Some people I know, not to mention any names Bob, just can’t seem to break the habit of texting while driving. Even though we justify it by saying we only send messages while stopped at lights, we still read messages while we’re moving. And then there are those strange situations in which we really need to send a message, but we hit every traffic light when it’s green. It never seems to happen when we’re in a hurry to get to our destination, but only when we actually need to stop for some reason. In those times we may type a message while driving. That’s just dumb.
Anyway, we can usually get away with doing that because our beloved Governor Perry vetoed a bill from the last Legislative session that would have outlawed texting while driving statewide. The reason he gave was that this was an infringement on personal responsibility, although he doesn’t seem to mind infringing on our personal responsibilities when it comes to issues such as tort reform.
Well, I got sidetracked. What I wanted to say is that drivers in Arlington need to get serious about stopping texting because the Arlington Police Department may get serious about enforcing that city’s ban on texting while driving. The law has been in effect for a year, but enforcement has been almost nonexistent until now.
A recent article in the Fort Worth Star Telegram (or the Startlegram, as some of us former newspaper employees refer to it) may stir the APD into cracking down on texting. Here are excerpts from the article:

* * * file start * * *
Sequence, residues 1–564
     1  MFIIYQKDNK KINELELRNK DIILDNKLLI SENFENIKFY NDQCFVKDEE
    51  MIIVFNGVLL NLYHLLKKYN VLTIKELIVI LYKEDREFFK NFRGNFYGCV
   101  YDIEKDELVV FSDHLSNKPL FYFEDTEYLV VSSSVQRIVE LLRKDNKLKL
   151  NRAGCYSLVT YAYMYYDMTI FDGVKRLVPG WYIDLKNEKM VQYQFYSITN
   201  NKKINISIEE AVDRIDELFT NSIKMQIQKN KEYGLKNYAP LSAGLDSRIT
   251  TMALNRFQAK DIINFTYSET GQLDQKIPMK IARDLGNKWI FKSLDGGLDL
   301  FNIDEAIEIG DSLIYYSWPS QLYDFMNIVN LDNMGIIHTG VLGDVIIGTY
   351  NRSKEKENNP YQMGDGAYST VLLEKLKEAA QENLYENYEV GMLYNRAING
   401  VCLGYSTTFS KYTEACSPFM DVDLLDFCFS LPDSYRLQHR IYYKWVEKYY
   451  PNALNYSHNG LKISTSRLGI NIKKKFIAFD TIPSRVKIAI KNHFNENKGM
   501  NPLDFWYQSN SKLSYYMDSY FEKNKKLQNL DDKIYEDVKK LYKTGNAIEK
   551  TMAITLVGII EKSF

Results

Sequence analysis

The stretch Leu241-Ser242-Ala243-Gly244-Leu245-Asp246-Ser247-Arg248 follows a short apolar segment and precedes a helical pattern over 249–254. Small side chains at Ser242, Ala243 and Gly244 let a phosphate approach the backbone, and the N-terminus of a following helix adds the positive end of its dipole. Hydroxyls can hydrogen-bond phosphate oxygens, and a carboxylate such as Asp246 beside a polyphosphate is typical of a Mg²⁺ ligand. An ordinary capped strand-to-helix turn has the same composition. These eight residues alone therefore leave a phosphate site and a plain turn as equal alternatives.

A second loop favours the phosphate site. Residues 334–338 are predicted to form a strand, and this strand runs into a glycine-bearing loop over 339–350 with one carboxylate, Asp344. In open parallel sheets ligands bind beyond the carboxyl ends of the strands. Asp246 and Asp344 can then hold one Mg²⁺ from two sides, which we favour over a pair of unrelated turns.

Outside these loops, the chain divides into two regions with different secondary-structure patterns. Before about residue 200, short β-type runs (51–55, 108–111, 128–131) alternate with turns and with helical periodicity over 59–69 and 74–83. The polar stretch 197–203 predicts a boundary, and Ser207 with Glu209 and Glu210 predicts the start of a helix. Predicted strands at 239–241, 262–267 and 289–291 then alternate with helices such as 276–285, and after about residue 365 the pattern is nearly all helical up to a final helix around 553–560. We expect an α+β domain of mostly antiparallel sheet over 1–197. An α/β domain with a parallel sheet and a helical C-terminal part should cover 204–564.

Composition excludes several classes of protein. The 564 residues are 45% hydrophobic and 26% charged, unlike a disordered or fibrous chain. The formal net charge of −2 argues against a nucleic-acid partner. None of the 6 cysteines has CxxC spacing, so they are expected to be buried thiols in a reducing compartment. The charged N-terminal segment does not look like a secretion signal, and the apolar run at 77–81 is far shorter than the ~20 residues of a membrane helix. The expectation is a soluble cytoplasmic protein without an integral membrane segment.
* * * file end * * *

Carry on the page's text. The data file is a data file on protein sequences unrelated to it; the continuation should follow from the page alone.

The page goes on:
In an effort to keep motorists focused on the road, Arlington last year became the first North Texas city to ban texting while driving. The ordinance, which went into effect after Gov. Rick Perry vetoed a bill creating a statewide ban, makes it a Class C misdemeanor with a $200 fine for drivers to use their phones for anything other than calls.
Since last Thanksgiving, when enforcement began, police have issued 49 citations to motorists seen looking at or handling their phones for an extended period, department officials said.
Just as important, police said, is that far more have received verbal warnings as part of a public education campaign.
“There has been a dialogue going on in the community between officers and citizens (that) we believe has led to safer roadways,” said Arlington police spokesman Sgt. Christopher Cook. “We applaud our citizens who have made the right choice to put down the telephone and focus on driving.”
More than 13 percent — 824 — of the 6,094 wrecks reported in Arlington from May 2010 to May 2011 were caused by distracted drivers, according to city documents. Four percent of the 824 crashes involved cellphones.
Statewide, statistics show that more than 81,000 crashes in 2011 involved some kind of distraction in the vehicle, driver inattention or cellphone use, and that 361 were fatal, according to the Texas Department of Transportation.
In addition to media reports and meetings with community groups, Arlington police have worked to educate the public using digital signs in the entertainment district and other high-traffic areas. The signs tell drivers: “Don’t Text and Drive. In Arlington, it’s the law.”
“With 6.5 million visitors who come to Arlington each year, it has been important for us to make sure signage is placed in correct locations to remind drivers the city of Arlington has a strong stance when it comes to motorists texting while driving,” Cook said. “We want our visitors to be as safe as our citizens.”
Austin is the largest city in Texas that bans texting while driving. San Antonio and El Paso are among other Texas cities that have similar ordinances, but enforcement varies, according to handsfreeinfo.com, which promotes the use of hands-free cellphones.
El Paso appears to be on the high end, handing out 15,000 tickets in less than two years, according to a survey by the Houston television station KRPC/Channel 2.
Statewide, the only ban is on cellphone use in school zones.